The road goes on forever: 
Talking with Desert Noises

It’s an incredible accomplishment to keep a band together for seven years, especially when that band was started when most of its members were teenagers and has continued the same grueling tour circuit. The Desert Noises have always had a captivating energy about them, but through the years they’ve been able to continuously evolve, shaping a better night-to-night product on stage. Haling from Utah, they’ve become heavier, less trendy, but have managed to drag along the elements that make them distinct. It seems as they’ve become better musicians, they focus less on being safe and more on challenging themselves. We caught up with frontman Kyle Henderson to talk about life on the road and how that affects their songwriting, plus their upcoming move to Nashville.

On how the past seven years has changed them musically.
We’ve changed in almost every way. We’ve grown a lot as players. I think we’re more comfortable in our own skin in some ways and that’s helped create our style. As we’ve grown, the music has evolved.

On why they don’t get burnt out by their relentless tour schedule.
At this point — we’ve been doing it for so long — that this is what normal feels like. Being somewhere for a long period of time doesn’t feel normal to any of us anymore.

On being in the same band you started right after high school in your mid-20s.
It’s kind of wild to think about that. It’s completely unexpected. I started a band at 18 that I had no clue that I would be playing in at 25. I had just barely learned how to play guitar. I didn’t even know how to play guitar, really. I just kind of picked it up. I loved it. And I just kept going with it. Then it became everything for me.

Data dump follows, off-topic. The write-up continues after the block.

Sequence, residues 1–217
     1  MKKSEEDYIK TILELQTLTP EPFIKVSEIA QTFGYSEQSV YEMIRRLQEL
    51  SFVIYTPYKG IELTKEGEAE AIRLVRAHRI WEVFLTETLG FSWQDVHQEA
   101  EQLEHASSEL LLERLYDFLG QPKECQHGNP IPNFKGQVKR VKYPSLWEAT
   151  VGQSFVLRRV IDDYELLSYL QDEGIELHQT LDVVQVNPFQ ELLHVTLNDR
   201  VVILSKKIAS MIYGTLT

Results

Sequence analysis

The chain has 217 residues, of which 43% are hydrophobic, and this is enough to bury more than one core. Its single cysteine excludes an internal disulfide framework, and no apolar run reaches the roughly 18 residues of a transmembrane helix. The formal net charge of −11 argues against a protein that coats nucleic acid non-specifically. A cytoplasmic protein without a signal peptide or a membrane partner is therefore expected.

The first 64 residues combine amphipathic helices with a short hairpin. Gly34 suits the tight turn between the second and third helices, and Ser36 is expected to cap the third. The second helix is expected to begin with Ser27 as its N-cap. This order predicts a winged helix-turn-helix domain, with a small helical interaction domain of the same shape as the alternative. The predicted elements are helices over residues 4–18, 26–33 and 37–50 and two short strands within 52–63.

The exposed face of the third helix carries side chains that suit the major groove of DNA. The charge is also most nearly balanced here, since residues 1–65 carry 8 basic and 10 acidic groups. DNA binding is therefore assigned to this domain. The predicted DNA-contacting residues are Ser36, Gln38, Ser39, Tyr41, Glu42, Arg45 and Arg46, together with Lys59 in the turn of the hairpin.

On how gritty traveling and consistently hanging out with strangers affects the songwriting.
Without those experiences, we wouldn’t get the songs. “27 Ways” was written about the road, and dealing with home life when I was on the road, trying to sort out whatever that was. Wherever I stood in my own mind, you know. And it was really a developmental album for me. Some very life-changing events.

On how being on the road becomes easier.
You just learn what you can and can’t do. It’s a learning process. Sometimes you think, ‘I can do this everyday,’ then you realize, ‘I can’t do this every day.’ It’s a learning process of what you need emotionally and what you need physically, just to keep going.
On becoming a better live band.
That first tour was so sloppy. Now we’ve been playing with each other almost every single night. We know exactly how to read each other.

On future recording plans.
We’re going to be recording this summer. We’re making a move to Nashville in June. I’m not exactly sure where we are going to record the next record. That depends on the options presented.

On their upcoming move to Nashville.
All of us have been in Utah our whole lives. So, at a certain point, you gotta kind of create your own thing and do something away from where you grew up. Also, the main reason is that it’s easier to tour. It’s so much easier to tour out of Nashville than it is from Utah. In Utah, you’re driving eight hours to get to the first show. In Nashville, we could drive two, three. We’re much more accessible in Nashville than in Utah.